'Her strongest writing yet: as tangy and sometimes bitter as Chocolat was smooth' -- Independent
'Harris indulges her love of rich and mouthwatering descriptive passages, appealing to the senses... Thoroughly enjoyable' -- Observer
'Outstanding...beautifully written' -- Daily Mail
'Very thought provoking.…


Book cover of Apt Pupil

Leighton Gray Author Of Dream Daddy

From my list on to completely ruin your day.

Why am I passionate about this?

I like to create silly, fun things. This is not the kind of content I consume. If something makes me feel bad, I generally like it; if it is also beautiful, I will like it a lot. It is through the generosity of the Shepherd team that I was allowed to flip a promo for a gay dad comic into a way for me to peer pressure you into consuming media that will make you feel bad. Consider this list an aperitif for the feel-goodness of Dream Daddy, a delicate shot glass of cyanide after a hearty meal. Bon appetit!

Leighton's book list on to completely ruin your day

Leighton Gray Why did Leighton love this book?

Like everyone else with a pulse, I love Stephen King. So here’s a slightly underrated pull so I don’t lose my horror fan street cred. Apt Pupil is the first King book I’ve read that made me feel legitimately dirty. The creeping menace, the way he subverts your expectations, this excruciating dance of mutually assured destruction between Todd and Denker... just fabulous. Nothing supernatural, no murderous trucks or universe-vomiting turtles, just humans being mundane and evil. And you won’t have to spend the whole book wondering if King is gonna biff the ending, as he is often wont to do—he sticks the landing and it’s absolutely killer. Love it. Read it.

By Stephen King,

Why should I read it?

1 author picked Apt Pupil as one of their favorite books, and they share why you should read it.

What is this book about?

#1 New York Times bestselling author Stephen King’s timeless coming-of-age novella, Apt Pupil—published in his 1982 story collection Different Seasons and made into a 1998 Tristar movie starring Ian McKellan and Brad Renfro—now available for the first time as a standalone publication.

If you don’t believe in the existence of evil, you have a lot to learn.

Todd Bowden is an apt pupil. Good grades, good family, a paper route. But he is about to meet a different kind of teacher, Mr. Dussander, and to learn all about Dussander’s dark and deadly past…a decades-old manhunt Dussander has escaped to this…


Book cover of The Glass Pearls

Emilia Bernhard Author Of Designs on the Dead

From my list on subtle cruelty.

Why am I passionate about this?

As someone who’s had a lifelong interest in psychology, especially abnormal psychology, I’ve always been fascinated the small destructions some people inflict on others – sometimes even on themselves. For me the greatest crime is not to kill someone but to reduce them by making their life uncomfortable or unwelcome. The ability to do this is what I would call a “negative skill.” It’s not easy, but some people do it uncannily well, and without caring. Perhaps because this is so alien to me, I remain riveted by stories that portray it, and some cases attempt to explain it. These are a few of those stories.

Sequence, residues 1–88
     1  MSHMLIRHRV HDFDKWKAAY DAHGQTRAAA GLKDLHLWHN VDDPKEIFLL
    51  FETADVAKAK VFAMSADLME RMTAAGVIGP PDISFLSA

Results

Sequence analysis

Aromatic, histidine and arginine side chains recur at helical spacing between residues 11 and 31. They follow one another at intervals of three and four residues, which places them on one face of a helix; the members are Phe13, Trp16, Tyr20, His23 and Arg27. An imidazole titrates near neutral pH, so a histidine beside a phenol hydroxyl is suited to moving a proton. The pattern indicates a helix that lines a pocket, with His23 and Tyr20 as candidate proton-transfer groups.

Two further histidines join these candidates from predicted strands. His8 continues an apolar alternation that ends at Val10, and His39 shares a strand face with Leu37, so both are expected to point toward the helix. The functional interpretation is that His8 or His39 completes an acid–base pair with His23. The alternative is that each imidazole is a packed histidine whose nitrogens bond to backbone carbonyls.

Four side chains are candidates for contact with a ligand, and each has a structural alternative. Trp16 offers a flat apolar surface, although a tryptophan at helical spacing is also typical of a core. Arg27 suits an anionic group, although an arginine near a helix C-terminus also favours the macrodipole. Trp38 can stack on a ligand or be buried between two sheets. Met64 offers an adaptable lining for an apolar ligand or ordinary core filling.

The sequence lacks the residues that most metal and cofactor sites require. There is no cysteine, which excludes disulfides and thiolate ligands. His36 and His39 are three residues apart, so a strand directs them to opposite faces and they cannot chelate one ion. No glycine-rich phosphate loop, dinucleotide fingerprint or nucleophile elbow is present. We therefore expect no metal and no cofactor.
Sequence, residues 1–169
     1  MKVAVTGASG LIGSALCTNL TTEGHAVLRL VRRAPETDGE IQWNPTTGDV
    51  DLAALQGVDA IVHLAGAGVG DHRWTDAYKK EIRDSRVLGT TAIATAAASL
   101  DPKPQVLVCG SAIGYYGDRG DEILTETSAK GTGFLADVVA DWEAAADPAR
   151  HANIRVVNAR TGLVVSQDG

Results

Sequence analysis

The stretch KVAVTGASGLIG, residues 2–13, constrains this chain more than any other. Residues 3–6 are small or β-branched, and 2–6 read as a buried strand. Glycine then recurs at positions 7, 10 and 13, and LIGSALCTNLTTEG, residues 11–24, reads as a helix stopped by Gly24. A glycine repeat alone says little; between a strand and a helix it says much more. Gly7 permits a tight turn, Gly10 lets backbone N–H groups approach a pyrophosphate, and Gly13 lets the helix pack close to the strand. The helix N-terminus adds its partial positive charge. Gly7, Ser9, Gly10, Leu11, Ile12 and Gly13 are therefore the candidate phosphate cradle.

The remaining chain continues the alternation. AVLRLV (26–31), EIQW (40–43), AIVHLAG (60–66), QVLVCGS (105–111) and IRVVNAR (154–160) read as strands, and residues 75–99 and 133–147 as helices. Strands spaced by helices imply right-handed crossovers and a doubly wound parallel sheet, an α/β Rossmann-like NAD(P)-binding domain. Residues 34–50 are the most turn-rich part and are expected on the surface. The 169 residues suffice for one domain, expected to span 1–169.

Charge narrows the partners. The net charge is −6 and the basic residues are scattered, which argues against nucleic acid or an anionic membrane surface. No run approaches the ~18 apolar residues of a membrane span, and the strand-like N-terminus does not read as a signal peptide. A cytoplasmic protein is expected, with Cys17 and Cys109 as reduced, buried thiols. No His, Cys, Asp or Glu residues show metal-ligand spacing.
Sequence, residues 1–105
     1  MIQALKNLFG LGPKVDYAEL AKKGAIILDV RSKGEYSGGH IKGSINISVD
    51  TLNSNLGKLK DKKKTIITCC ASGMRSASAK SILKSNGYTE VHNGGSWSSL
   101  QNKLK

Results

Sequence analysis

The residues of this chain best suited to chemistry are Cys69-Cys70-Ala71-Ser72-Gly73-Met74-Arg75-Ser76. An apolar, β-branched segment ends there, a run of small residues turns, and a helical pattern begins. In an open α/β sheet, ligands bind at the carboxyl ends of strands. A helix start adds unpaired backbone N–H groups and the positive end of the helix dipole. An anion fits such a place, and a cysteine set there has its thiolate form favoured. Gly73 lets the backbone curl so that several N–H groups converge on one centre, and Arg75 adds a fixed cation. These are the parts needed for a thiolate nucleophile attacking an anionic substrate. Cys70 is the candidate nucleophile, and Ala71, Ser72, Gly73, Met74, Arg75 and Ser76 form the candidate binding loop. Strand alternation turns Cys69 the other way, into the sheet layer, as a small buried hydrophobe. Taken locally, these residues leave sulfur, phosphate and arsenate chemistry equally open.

Emilia's book list on subtle cruelty

Emilia Bernhard Why did Emilia love this book?

Pressburger is better known as half of the film duo Powell and Pressburger, but The Glass Pearls shows he missed a career when he went into film. 

Karl Braun, the protagonist of this book, is an escaped Nazi living in London some years after the end of World War II. He attempts to have a life, but lives in constant fear of being found and rounded up (yes, the book is aware of this irony). 

The “quiet cruelty” comes from the fact that, like it or not, Pressburger’s wonderful ability at portraying Braun’s interior and his fear make the reader invest in him. 

You end the novel troubled to discover that you have sympathized with – even wished for the escape of – a Nazi.

By Emeric Pressburger,

Why should I read it?

1 author picked The Glass Pearls as one of their favorite books, and they share why you should read it.

What is this book about?

For fans of The Passenger, this thrilling tale of an ex-Nazi surgeon hiding in plain sight in 1960s London by the celebrated filmmaker is a lost noir gem, introduced by Anthony Quinn and narrated on audio by Mark Gatiss.

'Stunning: incredibly good, tense and compelling and morally complex.' Ian Rankin
'This extraordinary novel had me hooked from start to finish.' Sarah Waters
'An outstanding novel: gripping, tense and darkly unsettling. ' Jonathan Freedland
'A wonderfully compelling noir thriller and audacious and challenging act of imagination.' William Boyd

Nothing is more inviting to disclose your secrets than to be told by…


Book cover of The Ratline: The Exalted Life and Mysterious Death of a Nazi Fugitive

Herlinde Pauer-Studer Author Of Konrad Morgen: The Conscience of a Nazi Judge

From my list on Nazi perpetrators.

Why am I passionate about this?